• costs of any holiday which has to be cancelled because of your injury
  • membership fees for any sports clubs etc which have been wasted because of your injury

If you suffer loss of earnings this will also form part of the claim and, even if you are paid for the period when you are unable to work, you may be obliged under your contract to recover the costs on your employer’s behalf. If by the time your claim is settled you have been unable to return to work, your likely future loss will be calculated using exert evidence.

It is important to be aware that in determining your claim you must have taken all reasonable care to ensure that the claim is not inflated to an amount which cannot be put down to the accident. This is not your opportunity to buy that villa in the south of France! If the liability is found to be 50/50 then you will receive half of the agreed damages.

Claims Direct

If you are not covered for legal costs under your insurance policy, well meaning friends will remind you of all the television adverts you have seen for Claims Direct and similar organisations. Tales will abound of friends who have been able to give up work and travel the world in luxury, all thanks to compensation paid after their accident. Take the stories with a large pinch of salt and read the small print carefully before embarking on your mission. “No win, no fee” is not quite what it sounds and if you lose your case you will be liable for the other party’s costs which may be substantial, bearing in mind the fact that solicitors have an hourly rate running into hundreds of pounds.

If you receive a letter from the other party’s insurance company saying that their client holds you responsible for the accident, don’t panic. This is standard procedure, no matter how unfair and downright immoral it can seem. Just as drivers are advised never to get out of their car and apologise for having driven into someone, insurance companies are unlikely to put their hands up at the first opportunity. Forward all correspondence to your own insurance company and let them deal with it. That is what you pay your premium for. Similarly, if the other driver phones you and starts an argument or pleads with you to drop the case, do not be drawn into the discussion, no matter how tempting it is to put them right. Instead refer them to your insurance company.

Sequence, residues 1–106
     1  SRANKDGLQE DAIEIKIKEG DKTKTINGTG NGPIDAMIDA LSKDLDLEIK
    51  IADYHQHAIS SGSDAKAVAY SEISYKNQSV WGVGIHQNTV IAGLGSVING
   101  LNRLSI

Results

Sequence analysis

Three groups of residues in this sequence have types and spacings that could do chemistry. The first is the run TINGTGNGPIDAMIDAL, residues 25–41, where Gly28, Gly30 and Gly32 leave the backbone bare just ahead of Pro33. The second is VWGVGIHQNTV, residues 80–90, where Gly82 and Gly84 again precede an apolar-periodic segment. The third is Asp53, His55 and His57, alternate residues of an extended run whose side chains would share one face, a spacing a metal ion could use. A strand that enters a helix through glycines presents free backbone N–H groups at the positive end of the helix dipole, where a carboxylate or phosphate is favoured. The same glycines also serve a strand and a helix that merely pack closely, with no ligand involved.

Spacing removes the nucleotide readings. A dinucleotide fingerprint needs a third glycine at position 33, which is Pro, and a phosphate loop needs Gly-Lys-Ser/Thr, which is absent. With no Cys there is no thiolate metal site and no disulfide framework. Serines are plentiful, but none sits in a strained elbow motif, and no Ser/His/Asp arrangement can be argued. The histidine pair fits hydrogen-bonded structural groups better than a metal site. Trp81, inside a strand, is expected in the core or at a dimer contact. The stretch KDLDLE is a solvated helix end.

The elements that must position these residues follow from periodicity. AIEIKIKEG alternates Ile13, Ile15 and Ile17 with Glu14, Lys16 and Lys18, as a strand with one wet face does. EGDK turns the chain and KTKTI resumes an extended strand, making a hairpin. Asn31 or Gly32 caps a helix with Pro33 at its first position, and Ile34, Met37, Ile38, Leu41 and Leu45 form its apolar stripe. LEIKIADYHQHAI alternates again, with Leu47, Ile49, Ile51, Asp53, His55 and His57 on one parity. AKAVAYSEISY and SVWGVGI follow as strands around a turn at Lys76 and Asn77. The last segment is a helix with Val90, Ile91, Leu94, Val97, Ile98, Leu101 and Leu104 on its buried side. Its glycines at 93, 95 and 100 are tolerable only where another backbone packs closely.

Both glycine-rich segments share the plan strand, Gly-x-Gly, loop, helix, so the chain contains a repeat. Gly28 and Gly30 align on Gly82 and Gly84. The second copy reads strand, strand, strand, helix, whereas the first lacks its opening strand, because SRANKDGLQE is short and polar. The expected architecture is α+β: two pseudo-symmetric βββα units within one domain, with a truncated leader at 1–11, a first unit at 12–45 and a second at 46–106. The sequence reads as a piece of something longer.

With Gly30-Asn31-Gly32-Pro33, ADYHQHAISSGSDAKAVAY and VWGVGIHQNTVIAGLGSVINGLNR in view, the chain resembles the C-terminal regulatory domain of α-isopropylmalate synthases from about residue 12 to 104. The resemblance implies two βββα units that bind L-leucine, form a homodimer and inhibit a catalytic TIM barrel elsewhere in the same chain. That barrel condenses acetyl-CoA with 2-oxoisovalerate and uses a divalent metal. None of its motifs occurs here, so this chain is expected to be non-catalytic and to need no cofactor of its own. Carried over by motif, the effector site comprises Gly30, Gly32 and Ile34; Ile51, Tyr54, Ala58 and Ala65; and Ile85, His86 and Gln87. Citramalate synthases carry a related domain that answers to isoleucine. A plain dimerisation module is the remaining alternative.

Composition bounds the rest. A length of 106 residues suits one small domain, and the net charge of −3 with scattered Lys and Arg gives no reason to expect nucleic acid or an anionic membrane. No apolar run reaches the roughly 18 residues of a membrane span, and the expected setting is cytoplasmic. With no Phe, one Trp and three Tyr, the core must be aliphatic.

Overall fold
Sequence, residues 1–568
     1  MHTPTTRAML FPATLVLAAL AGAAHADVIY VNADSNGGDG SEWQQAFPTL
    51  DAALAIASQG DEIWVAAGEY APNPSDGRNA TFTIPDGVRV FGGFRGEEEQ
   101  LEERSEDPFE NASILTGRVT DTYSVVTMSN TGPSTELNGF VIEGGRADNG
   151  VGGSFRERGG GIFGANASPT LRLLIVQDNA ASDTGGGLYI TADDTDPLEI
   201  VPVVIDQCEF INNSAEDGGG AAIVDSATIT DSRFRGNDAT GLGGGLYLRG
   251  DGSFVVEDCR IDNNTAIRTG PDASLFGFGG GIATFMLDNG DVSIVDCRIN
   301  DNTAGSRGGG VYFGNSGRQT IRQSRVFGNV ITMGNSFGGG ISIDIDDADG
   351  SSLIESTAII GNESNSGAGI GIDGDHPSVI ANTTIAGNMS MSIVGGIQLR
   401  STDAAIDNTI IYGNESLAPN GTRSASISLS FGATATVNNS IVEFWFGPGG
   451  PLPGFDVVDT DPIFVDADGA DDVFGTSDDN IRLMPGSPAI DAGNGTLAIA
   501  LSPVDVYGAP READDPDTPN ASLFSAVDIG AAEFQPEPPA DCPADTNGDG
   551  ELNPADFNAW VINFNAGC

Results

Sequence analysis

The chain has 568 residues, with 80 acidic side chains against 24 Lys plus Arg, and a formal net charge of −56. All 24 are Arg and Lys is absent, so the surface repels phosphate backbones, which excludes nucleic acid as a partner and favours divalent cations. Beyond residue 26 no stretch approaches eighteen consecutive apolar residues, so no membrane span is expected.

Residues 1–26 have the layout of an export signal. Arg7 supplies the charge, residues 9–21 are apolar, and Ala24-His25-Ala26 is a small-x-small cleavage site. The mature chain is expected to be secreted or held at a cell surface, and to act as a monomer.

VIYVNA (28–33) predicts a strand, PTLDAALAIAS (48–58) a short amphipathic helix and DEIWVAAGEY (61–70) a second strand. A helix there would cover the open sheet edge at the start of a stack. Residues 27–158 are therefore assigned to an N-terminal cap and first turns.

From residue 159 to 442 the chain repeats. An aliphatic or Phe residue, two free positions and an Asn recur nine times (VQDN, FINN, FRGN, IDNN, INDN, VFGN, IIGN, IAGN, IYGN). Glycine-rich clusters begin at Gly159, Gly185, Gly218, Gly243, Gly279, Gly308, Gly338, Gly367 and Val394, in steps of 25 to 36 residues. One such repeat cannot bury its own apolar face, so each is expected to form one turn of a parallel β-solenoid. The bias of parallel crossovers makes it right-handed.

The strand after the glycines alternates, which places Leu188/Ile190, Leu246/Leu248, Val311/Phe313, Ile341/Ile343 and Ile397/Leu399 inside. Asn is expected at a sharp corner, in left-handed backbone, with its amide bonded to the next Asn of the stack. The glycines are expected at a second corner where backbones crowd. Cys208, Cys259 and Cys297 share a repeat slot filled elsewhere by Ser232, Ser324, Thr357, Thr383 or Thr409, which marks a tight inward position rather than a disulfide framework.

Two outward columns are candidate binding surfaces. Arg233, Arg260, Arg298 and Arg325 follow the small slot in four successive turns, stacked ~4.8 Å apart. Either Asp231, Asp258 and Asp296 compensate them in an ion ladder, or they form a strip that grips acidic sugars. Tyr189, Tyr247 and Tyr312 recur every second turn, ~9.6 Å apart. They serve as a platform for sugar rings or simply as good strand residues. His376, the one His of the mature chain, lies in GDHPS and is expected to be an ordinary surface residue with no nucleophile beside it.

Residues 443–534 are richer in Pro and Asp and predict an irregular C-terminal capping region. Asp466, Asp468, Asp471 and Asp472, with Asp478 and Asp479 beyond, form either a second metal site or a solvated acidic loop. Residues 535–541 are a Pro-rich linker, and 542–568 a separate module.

Rehabilitation and Medical Examination

You can at some stage expect to hear from a rehabilitation company who will take details of your injuries and advise on a programme of rehabilitation which may include physiotherapy. A medical agency will also contact you to arrange an examination with a doctor. He or she will be responsible for writing a report which will be used by your solicitors to obtain compensation. This is where your diary of injuries and the effect they have had on your daily life, will be useful.

The doctor will establish whether you have recovered and, if not, what the likely recovery time will be and what further treatment will be needed. Your solicitor will then be able to advise you on whether the claim should be settled or whether more time should be allowed for recovery and a further examination made in the future. You may be asked by the doctor responsible for writing the report for permission to see your medical records.

Settling the claim

After the medical report has been submitted and the necessary investigations carried out by the solicitor, a settlement may be reached, providing your injuries are settling down and unlikely to become worse. If the claim cannot be settled by mutual agreement then it may be necessary to take court proceedings, although this is comparatively rare.